Atlanta Mayor 'At A Loss' For Why Governor Decided To Reopen Bowling Alleys, Tattoo Parlors, Gyms

Atlanta Mayor Keisha Bottoms said she learned that Georgia Governor Brian Kemp planned on reopening the state when her 18-year-old son ran into her room Monday during the surprise announcement and declared "he could leave home."

Bottoms said she was "perplexed" about the governor's controversial announcement to reopen the state's bowling alleys, nail salons, gyms, tattoo parlors and other "non-essential" businesses at the end of this week. The mayor of Georgia's largest city said she is "at a loss" both as a parent and as an elected government official by the governor's decision. Bottoms said she did not speak with the governor prior to his announcement, which comes as the state's coronavirus cases and deaths are still increasing each day.

"I have a great working relationship with our governor but I did not speak with him before he made this announcement," Bottoms told CNN's Chris Cuomo Monday evening, noting she also conferred with several other state officials who also said they had not been informed. "So we really are at a loss and I am concerned as a mother and as the mayor of our capital city."

“We really are at a loss, and I am concerned as a mother and as the mayor of our capital city.”

Atlanta’s mayor says Georgia’s Republican governor did not consult her and other key state leaders before deciding to allow some businesses to reopen. pic.twitter.com/qSw2Kbe0gr

— Cuomo Prime Time (@CuomoPrimeTime) April 21, 2020

"I'm perplexed that we have opened up in this way," Bottoms continued. "As I look at the data and as I talk with public health officials, I don't see what that it's based on anything that's logical."

Bottoms said daily coronavirus statistics she receives show "our numbers are going," specifically a 14 percent increase in the death rate and a 7 percent increase in positive coronavirus cases. "We are not testing asymptomatic" individuals, she also cautioned. Bottoms said that any success the state has had in reducing cases or deaths has been directly related to their aggressiveness "in asking people to stay home."

But a model cited by the governor as "great news" last Friday from the Institute for Health Metrics and Evaluation showed Georgia passed its peak for virus-related deaths on April 7 and its peak COVID-19 hospitalizations last Wednesday. According to Johns Hopkins University data, Georgia has had 18,947 cases of coronavirus and 733 tied to COVID-19.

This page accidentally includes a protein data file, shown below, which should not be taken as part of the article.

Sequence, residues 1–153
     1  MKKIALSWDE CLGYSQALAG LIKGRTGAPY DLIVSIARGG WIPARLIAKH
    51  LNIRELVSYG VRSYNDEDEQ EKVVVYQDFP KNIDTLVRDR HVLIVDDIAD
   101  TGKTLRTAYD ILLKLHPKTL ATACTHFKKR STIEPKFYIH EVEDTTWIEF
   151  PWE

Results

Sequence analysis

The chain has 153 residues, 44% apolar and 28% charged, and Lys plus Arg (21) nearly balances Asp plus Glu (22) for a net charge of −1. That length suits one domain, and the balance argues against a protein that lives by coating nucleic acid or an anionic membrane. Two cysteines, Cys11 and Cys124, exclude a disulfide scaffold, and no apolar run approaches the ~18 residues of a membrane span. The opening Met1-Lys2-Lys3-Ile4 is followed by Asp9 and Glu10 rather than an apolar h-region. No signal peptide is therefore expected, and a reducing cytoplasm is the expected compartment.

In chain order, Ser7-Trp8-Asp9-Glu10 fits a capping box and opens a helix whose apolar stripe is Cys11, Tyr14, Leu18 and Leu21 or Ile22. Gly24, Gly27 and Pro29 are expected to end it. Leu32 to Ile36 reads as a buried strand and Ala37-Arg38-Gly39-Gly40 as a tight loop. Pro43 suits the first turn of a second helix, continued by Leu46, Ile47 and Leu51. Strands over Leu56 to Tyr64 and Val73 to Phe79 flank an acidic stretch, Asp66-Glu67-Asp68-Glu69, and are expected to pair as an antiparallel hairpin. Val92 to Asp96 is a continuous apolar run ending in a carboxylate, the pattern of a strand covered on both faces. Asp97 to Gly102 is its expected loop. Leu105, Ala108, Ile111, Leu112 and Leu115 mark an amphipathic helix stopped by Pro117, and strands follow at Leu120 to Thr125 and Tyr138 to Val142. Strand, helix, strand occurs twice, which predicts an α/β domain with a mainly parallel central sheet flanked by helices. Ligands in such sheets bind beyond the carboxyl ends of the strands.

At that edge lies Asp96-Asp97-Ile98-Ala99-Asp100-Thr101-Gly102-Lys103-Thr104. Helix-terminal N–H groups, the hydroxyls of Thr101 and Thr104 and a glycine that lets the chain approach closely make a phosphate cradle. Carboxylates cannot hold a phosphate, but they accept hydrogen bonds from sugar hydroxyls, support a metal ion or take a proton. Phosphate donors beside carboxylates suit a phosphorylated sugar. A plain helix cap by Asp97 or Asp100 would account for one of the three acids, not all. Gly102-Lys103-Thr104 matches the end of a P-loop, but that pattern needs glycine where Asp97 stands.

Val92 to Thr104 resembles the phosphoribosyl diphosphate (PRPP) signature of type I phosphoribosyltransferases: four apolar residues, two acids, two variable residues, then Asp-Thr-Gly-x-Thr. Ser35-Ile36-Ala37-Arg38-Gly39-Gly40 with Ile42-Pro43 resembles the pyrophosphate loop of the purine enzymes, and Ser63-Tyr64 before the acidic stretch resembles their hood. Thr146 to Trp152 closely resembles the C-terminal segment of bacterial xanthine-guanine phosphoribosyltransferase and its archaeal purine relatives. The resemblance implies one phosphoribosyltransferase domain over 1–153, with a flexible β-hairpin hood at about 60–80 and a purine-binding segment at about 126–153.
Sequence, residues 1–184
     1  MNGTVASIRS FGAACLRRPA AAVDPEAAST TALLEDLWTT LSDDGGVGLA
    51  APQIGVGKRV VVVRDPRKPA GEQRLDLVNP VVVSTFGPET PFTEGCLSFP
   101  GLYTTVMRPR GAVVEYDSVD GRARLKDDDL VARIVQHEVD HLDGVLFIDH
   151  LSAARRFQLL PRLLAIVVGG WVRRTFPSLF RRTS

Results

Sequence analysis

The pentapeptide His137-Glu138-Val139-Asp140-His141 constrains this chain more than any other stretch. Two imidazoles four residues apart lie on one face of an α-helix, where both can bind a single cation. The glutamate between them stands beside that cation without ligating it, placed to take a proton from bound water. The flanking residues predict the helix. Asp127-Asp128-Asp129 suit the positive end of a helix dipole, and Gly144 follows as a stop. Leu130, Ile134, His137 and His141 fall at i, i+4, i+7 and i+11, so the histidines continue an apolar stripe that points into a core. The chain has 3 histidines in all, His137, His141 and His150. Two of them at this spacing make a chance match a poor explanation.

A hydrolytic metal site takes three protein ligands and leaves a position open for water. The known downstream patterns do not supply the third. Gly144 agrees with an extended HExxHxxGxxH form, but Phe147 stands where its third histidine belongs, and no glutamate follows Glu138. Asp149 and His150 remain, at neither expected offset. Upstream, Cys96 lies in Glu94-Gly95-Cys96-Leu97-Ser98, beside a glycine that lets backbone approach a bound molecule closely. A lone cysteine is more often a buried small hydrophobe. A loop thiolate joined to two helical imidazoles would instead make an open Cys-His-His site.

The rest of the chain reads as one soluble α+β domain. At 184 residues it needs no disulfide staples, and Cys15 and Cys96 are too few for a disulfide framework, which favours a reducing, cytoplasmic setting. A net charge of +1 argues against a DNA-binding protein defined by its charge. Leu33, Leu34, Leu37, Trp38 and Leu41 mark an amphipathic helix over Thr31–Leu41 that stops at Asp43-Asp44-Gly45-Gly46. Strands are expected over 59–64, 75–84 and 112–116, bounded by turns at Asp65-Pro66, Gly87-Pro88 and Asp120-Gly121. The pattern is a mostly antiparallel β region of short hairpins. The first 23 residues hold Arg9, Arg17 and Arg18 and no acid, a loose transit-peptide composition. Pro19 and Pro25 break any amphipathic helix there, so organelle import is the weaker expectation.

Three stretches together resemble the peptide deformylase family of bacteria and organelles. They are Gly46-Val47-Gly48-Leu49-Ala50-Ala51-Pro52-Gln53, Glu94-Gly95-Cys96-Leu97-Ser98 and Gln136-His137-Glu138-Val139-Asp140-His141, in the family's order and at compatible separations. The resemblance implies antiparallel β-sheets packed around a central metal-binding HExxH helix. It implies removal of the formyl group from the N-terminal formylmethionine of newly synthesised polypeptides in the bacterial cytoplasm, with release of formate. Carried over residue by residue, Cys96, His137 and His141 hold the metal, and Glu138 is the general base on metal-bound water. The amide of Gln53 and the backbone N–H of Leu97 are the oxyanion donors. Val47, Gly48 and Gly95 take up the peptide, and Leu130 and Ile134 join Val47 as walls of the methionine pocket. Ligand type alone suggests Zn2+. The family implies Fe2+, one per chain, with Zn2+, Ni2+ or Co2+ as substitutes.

Bottoms said that despite Atlanta's metro area having around 6 million people, more than half the population of the entire state, it is rural areas that "didn't shut down" which have become hot spots for new coronavirus cases. She cited Bibb County in the area around Macon, Georgia, as well as Albany suffering "one of the worst outbreaks in the country."

Kemp, who admitted to reporters Monday the state's coronavirus cases will "go up," said that getting Americans back to work has to take precedence over the pandemic social distancing protections. Kemp has repeatedly thanked health care workers, scientific data and God for helping guide his decision-making process amid the coronavirus pandemic.

"As we begin this process, let's reaffirm our commitment to each other & Georgia's future. I am confident that together, we will emerge victorious from this war. With your help & God's grace, we will build a safer, stronger state for our families & generations to come," Kemp tweeted Monday evening.

Kemp's office didn't respond to Newsweek's request for comment before publication.

atlanta mayor keisha bottoms georgia
Mayor Bottoms said she was blindsided by the Republican governor's controversial announcement to reopen the state's bowling alleys, nail salons, gyms, tattoo parlors and other "non-essential" businesses at the end of this week. Screenshot: CNN | Chris Cuomo